MD: How are they protecting it? How can they protect it? They should apply everything they have to becoming more skillful traders … traders who don’t use money. It’s too much to hope for them to institute a “proper” MOE process at this point. Maybe after the reset, one or more of the small groups will see the light and implement a proper MOE process for their own use … and that “will” spread.

But Zabala — who is considered comparatively well-off — and other Venezuelans struggling with their evaporating money said they now spent all they earned on food. A kilo (two pounds) of rice, for instance, cost 17,000 bolivares.

MD: Better go make a relation with a farmer. Help him with his crop … and in protecting his property … in exchange for food.

The crisis biting into Venezuela since 2014 came from a slide in the global prices for oil — exports of which account for 96 percent of its revenues.

MD: It came from an attack by USA money changers. They bought debt for pennies on the dollar. Now they’re using the power of the USA to turn those pennies back into dollars.

The government has sought to monopolize dollars in the country through strict currency controls that have been in place for the past 14 years. Access to them have become restricted for the private sector, with the consequence that food, medicines and basic items — all imported — have become scarce.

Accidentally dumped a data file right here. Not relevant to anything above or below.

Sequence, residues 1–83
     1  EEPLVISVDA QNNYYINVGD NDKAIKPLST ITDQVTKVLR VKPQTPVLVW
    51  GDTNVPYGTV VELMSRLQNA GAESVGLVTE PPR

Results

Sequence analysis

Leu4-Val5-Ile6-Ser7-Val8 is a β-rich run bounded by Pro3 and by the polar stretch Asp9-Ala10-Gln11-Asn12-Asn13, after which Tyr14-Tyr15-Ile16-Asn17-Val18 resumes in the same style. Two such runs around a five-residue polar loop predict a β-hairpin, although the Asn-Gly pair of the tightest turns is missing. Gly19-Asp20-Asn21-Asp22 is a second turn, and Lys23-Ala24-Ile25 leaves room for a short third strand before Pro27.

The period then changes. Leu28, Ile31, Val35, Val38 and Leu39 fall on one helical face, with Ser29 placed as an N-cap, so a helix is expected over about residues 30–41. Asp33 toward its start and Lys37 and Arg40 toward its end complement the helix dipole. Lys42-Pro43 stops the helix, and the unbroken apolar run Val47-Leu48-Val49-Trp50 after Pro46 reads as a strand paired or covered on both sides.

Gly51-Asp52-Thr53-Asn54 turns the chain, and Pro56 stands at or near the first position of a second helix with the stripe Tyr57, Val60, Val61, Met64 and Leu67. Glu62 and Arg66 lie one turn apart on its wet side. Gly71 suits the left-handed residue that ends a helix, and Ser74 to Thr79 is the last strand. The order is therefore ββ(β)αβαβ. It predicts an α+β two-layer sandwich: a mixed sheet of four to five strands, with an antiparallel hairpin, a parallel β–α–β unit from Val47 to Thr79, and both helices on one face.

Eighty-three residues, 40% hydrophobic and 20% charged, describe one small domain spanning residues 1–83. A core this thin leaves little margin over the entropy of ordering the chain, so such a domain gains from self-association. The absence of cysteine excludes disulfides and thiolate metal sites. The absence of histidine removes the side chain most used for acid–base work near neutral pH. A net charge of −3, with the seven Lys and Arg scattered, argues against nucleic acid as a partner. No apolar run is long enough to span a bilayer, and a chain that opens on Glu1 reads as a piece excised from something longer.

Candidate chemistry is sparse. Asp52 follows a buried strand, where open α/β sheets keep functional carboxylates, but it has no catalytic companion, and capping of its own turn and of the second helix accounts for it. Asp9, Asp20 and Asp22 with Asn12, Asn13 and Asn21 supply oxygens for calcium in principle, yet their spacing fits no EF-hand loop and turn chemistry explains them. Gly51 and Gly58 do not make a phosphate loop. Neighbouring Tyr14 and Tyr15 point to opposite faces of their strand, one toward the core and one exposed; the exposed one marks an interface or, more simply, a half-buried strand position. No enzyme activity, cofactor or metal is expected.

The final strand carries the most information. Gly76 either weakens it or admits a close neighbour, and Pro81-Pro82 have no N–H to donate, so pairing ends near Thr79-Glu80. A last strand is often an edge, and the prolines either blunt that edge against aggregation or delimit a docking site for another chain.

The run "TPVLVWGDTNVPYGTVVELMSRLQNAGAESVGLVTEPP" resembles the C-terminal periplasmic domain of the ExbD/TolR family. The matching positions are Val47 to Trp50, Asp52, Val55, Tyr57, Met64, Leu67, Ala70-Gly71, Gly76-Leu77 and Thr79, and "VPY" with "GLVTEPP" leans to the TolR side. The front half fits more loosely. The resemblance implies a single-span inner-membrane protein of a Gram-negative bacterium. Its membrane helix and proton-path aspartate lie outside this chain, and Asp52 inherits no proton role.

MD: Institute a proper MOE process to compete with the others and you are the guaranteed winner.

According to the International Monetary Fund, inflation in Venezuela is expected to soar above 700 percent this year.

MD: That’s meaningless. At 700% or 1500 % or anything close makes money a fiction. They are paying people with nothing. The people are trading their HULs (Hours of Unskilled Labor) to the employers for nothing. They would be better off taking that time and setting up barter trading agreements in their own neighborhoods.

In June, Maduro tried to clamp down on the black market trade in dollars through auctions of greenbacks at the weekly fixed rate, known as Dicom. There is also another official rate, of 10 bolivars per dollar, reserved for food and medicine imports.

MD: Some clueless economist recommended this. There is only one thing that can fix Venezuela. Institute a proper MOE process to compete with international bankers, and release “all” government employees. The resulting chaos with be less devastating that taking these nonsensical steps. The people will work it all out themselves. They will slowly re-institute governments democratically (i.e. with less than 50 people involved).

“Things are going up in price faster than salaries,” noted Zabala, who spends 10 percent of his income on diabetes treatment, when he can.

MD: When you have inflation this is always the case. When inflation is guaranteed to be zero, salaries and prices are in perpetual lock step. They don’t change. Salaries are paid in units of HULs. The skill factor (the number of equivalent HULs a person trades for … on average about 3.5x in the USA … thus making about $50,000 per year) is also constant … unless their skill changes.